Home News A "Flow-bor Day" Celebration

A “Flow-bor Day” Celebration

Arbor Day, a national holiday that celebrates the planting of trees and nature featured a special guest in Rexburg. This year, the City of Rexburg celebrated Arbor Day on May 18, revamping the name to “Flow-bor Day.”

Members in the community gathered on Main Street and at Porter Park to volunteer for “Flow-bor Day.” The event took place at 3:30 p.m., where volunteers picked up materials for planting around town. The activities finished around 5:30 p.m. in Porter Park after many trees were planted.

Porter Park's history
Porter Park's history Photo credit: Julia Brunette

Over 100 people volunteered at the event. Free t-shirts were given to the first 120 volunteers. Pictures were taken with Dr. Seuss’ The Lorax and many volunteers took home free flowers and tree saplings to grow on their own.

The event was organized in accordance with Governor Little’s orders for Idaho’s reopening with volunteers practicing social distancing.

Among all of the planting activities, several speakers addressed the volunteers at the Beehive Pavilion.

Jerry Merrill, Rexburg Mayor, said, “We appreciate all who came and planted flowers with us. We had a magnificent turnout. In fact, we had more people then we had work to do.”

Students help pass out flowers and saplings to volunteers.
Students help pass out flowers and saplings to volunteers. Photo credit: Julia Brunette

Gary Bates, the Community Forester at Idaho Department of Lands, presented Rexburg with the Tree City USA award. Bates works with cities all over Idaho on its tree programs.

Bates told the crowd the turn out for Arbor Day celebrations in neighboring cities had been small due to the recent pandemic. He acknowledged that the turn out for Rexburg’s event was the biggest so far out of all the cities.

“I’m so thrilled that we are actually planting trees today,” Bates said. “And that you all took the time to turn out and help today.”

Not only was this event a celebration for Arbor Day, but it was also a celebration of Porter Park’s history.

Porter Park is named after Arthur Porter, a man known as a “community builder” for Rexburg in the early 1900’s. Arthur Porter served as mayor in 1929. During his term he made efforts to clean up the local park, which was in poor conditions.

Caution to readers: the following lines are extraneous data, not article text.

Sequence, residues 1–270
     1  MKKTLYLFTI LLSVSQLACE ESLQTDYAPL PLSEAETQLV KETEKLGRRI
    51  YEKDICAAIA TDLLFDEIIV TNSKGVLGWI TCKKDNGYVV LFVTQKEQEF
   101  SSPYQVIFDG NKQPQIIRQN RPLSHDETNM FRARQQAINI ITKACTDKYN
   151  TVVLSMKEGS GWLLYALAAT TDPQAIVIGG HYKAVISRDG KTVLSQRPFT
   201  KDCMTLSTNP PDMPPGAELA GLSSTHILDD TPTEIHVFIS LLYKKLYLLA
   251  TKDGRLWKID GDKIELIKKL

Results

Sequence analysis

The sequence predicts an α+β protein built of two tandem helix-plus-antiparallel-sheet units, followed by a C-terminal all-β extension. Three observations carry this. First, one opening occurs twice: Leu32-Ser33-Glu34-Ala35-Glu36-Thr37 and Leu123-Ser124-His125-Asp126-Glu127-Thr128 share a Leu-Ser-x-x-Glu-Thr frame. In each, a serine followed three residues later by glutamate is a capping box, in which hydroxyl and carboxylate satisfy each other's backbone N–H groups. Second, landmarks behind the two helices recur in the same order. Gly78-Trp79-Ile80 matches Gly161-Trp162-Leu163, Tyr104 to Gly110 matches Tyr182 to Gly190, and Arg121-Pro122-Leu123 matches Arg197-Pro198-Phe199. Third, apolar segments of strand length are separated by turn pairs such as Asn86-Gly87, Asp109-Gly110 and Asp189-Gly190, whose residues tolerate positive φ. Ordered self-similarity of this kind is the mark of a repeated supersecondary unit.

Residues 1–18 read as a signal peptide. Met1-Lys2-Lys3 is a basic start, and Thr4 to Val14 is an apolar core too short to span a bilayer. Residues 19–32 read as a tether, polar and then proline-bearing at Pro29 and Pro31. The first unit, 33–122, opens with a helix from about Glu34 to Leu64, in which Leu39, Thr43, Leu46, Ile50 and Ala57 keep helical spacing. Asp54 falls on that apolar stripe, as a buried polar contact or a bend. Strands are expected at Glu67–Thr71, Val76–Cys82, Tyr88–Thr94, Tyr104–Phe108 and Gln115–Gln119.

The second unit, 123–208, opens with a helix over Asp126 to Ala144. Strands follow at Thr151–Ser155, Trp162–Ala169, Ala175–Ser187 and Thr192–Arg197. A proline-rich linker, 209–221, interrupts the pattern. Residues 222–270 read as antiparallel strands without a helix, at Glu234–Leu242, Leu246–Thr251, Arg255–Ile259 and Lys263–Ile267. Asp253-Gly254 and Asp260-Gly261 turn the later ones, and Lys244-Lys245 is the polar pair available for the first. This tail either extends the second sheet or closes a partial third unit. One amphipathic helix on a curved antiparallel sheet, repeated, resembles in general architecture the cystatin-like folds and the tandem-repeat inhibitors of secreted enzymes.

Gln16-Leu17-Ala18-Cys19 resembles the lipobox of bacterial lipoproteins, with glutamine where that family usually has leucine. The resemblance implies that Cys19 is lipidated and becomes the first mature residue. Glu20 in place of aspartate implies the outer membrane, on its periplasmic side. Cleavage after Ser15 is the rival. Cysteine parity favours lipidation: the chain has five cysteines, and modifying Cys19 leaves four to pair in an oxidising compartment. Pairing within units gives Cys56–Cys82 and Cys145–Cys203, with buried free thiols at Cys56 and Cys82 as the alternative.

Many descendants of Arthur Porter attended the “Flow-bor Day” event and spoke to the crowd about the history of the park and the importance of being active in communities.

Volunteers help plant trees along the park.
Volunteers help plant trees along the park. Photo credit: Julia Brunette

Lane Hemming grew up in his grandmother’s house across the street from Porter Park. The house still stands until now, 104 years after it was built. Hemming told the crowd stories about growing up when Porter Park was established in 1919.

“When I just drove down Main Street and saw the flowers, I was proud to be living in Rexburg, Idaho,” Hemming said. “I hope that it will grow. That it’ll be part of your lives as it’s been part of mine.”

Among the volunteer crowd was Annie Mounts, the great-great-granddaughter of Arthur Porter. She got involved with the event by creating a fundraiser with her friends for a Young Women project.

Mounts, with the help of her mom, designed a sticker to sell door to door and to local businesses promoting the Arbor Day celebration.

“I think this is so important for communities, being able to come with your family and friends and just be out in nature,” Mounts said.

She was able to raise money with her fundraiser to support the care of Porter Park.

BYU-Idaho Student Support group helps out with Flow-bor Day activities.
BYU-Idaho Student Support group helps out with Flow-bor Day activities. Photo credit: Julia Brunette

Rachel Glaser, the director of the Student Representative Council, volunteered with other students from BYU-Idaho Student Support.

Glaser talked about how community activities allow students who are from different states to connect with the community where they are attending school.

“Events like these can bring everyone back together again,” Glaser said. “Being a student here that is not from Rexburg, it definitely brings the students and the community together.”


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